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Analysis of harvesting opportunities for thinning eastern hardwoods on steep terrainAuthor(s): Chris B. LeDoux; John E. Baumgras
Source: In: International mountain logging and pacific northwest skyline symposium; 1988 December 12-16; Portland, OR: Oregon State University: 93-96.
Publication Series: Scientific Journal (JRNL)
Station: Northern Research Station
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DescriptionHarvesting cost and revenue models were used to evaluate yarding costs by yarder type and to compare stump-to-mill harvesting costs to revenues available from multiproduct thinnings in eastern hardwoods. This analysis includes six types of cable yarders and thinnings in stands where the average diameter at breast height of trees harvested ranged from 7 to 12 inches. To include market factors, the analysis also includes four types of primary products, three product price levels, and three truck-haul distances. Results show that substantial cost savings can be realized by selecting the appropriate harvesting equipment: and that given favorable market conditions and efficient yarding, early entries for thinning can be economically feasible. Results also show the importance of factoring product mix, product prices, and market location into the economic analysis of thinning opportunities.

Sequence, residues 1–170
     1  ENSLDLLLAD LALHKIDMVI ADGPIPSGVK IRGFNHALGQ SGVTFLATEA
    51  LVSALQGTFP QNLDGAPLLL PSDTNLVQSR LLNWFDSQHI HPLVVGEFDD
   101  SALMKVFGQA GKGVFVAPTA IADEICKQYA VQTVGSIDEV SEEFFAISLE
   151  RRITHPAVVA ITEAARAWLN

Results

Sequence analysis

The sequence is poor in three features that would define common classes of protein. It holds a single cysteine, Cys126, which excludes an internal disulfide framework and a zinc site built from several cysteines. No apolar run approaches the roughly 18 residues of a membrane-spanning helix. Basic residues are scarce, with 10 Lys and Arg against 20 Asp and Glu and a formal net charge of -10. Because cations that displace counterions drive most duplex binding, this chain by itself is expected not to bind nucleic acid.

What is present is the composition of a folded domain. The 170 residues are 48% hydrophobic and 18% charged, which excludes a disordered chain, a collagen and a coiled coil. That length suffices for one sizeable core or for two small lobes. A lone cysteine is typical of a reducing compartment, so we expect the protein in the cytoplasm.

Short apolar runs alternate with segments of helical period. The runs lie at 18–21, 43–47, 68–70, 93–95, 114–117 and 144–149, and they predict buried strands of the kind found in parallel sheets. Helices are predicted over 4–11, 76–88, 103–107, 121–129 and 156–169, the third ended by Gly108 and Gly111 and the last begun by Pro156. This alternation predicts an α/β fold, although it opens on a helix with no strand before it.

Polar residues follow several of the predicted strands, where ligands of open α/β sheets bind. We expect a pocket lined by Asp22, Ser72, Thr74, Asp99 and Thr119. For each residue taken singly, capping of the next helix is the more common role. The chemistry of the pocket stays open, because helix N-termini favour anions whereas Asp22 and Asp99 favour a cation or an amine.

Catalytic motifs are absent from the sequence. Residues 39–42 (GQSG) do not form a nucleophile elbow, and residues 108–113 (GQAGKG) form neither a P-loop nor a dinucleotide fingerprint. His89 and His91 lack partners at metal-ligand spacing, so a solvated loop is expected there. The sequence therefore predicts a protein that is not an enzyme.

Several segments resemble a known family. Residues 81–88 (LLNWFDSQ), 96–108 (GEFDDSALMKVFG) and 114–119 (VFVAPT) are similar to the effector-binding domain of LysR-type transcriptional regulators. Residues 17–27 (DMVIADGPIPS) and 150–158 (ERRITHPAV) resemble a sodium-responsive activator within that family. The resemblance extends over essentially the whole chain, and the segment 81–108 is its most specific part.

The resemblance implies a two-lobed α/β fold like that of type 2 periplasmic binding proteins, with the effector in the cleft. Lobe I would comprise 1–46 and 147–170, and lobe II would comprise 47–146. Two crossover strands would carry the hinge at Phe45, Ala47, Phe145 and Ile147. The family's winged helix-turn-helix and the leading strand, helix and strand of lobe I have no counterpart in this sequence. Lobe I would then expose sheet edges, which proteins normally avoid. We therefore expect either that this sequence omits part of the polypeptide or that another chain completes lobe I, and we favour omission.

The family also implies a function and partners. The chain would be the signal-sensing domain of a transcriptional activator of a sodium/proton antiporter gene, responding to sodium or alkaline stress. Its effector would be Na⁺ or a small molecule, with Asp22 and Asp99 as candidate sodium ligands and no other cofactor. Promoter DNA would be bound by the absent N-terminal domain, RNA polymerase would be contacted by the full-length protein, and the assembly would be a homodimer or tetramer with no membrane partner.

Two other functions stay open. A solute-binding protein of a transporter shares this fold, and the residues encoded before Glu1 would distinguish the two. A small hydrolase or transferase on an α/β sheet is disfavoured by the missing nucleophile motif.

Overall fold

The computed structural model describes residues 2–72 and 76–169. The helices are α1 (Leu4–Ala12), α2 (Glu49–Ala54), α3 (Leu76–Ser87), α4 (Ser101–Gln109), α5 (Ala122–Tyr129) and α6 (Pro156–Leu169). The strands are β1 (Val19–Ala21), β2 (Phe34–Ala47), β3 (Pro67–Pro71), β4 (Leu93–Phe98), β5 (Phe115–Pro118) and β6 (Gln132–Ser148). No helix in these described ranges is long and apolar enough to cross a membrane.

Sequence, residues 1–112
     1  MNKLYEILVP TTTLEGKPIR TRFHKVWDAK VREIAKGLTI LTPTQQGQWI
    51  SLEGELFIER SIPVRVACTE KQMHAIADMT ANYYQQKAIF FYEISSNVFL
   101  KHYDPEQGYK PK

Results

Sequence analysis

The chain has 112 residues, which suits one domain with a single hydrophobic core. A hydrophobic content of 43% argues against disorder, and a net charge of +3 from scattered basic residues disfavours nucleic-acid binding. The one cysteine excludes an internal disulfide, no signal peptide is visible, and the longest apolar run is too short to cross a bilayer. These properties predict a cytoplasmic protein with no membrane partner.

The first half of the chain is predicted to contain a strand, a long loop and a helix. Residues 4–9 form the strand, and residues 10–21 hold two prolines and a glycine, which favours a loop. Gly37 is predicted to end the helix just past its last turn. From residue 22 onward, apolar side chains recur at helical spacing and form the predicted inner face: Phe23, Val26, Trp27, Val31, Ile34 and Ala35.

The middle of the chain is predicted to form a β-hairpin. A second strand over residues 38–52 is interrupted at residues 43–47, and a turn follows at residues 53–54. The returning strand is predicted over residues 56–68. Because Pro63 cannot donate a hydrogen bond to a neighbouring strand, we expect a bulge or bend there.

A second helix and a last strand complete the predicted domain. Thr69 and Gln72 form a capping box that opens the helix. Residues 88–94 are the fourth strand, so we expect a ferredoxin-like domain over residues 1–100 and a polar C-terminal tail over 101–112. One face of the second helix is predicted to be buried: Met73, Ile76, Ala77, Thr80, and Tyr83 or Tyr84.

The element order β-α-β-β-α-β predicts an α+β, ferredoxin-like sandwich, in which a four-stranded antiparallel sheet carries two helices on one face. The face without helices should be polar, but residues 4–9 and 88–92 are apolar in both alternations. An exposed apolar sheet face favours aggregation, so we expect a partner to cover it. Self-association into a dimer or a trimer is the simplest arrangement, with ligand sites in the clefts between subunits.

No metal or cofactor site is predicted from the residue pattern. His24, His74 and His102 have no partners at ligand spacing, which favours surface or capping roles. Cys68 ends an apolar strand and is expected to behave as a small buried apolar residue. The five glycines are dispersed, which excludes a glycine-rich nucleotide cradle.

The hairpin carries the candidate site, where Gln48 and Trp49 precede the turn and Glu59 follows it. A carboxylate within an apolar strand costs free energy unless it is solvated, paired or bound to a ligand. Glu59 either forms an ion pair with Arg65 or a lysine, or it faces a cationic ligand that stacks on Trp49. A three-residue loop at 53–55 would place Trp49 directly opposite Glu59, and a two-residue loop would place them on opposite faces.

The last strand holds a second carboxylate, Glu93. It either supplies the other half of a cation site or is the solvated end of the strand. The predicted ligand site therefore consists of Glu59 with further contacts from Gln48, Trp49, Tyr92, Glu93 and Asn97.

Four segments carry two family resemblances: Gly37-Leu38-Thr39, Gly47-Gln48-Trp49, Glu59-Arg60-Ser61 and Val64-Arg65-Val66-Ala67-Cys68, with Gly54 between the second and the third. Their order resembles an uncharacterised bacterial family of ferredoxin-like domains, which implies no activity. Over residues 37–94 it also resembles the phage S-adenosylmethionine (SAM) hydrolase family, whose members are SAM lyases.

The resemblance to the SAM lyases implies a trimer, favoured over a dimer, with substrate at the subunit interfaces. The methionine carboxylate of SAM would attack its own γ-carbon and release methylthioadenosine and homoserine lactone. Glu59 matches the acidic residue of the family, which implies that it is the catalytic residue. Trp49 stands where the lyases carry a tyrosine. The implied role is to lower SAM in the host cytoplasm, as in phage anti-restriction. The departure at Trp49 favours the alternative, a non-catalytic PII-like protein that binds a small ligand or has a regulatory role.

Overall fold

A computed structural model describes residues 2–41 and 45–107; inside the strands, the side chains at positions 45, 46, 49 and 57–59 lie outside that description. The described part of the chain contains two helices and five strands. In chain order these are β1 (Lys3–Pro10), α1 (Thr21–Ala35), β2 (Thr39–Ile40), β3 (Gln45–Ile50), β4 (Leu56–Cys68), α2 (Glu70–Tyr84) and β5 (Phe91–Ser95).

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CitationLeDoux, Chris B.; Baumgras, John E. 1988. Analysis of harvesting opportunities for thinning eastern hardwoods on steep terrain. In: International mountain logging and pacific northwest skyline symposium; 1988 December 12-16; Portland, OR: Oregon State University: 93-96.
KeywordsHarvest cost, revenue product mix, product prices, market location, haul distance, multiproduct economic feasibility
- Impact of stand diameter and product markets on revenue gains from multiproduct harvesting
- Integrating forest growth and harvesting cost models to improve forest management planning
- PROFIT-PC: a program for estimating maximum net revenue from multiproduct harvests in Appalachian hardwoods
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